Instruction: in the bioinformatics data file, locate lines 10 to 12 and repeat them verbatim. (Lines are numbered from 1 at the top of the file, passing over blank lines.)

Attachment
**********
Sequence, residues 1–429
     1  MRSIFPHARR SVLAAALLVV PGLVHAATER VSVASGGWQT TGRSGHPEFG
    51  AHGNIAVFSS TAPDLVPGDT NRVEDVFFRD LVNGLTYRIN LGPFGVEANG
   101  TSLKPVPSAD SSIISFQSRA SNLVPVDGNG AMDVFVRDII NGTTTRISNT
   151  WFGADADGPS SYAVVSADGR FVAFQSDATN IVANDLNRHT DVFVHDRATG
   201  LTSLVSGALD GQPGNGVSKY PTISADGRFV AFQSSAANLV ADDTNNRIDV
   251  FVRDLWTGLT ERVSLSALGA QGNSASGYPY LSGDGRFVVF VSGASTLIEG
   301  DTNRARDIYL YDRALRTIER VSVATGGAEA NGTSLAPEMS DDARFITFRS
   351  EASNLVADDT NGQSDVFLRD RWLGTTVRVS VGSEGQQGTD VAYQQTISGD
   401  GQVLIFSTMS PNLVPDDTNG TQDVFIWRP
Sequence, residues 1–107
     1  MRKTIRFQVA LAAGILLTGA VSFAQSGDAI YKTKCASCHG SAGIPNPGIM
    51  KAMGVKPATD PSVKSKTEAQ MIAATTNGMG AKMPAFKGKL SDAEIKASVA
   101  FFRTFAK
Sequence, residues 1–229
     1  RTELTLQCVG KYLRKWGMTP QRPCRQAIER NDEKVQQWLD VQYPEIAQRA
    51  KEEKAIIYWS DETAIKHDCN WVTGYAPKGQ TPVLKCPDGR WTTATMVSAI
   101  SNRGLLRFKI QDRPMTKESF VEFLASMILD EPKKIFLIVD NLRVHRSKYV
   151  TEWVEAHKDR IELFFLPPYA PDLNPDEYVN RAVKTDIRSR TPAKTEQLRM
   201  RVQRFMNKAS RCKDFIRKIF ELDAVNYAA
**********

   401  GQVLIFSTMS PNLVPDDTNG TQDVFIWRP
Sequence, residues 1–107
     1  MRKTIRFQVA LAAGILLTGA VSFAQSGDAI YKTKCASCHG SAGIPNPGIM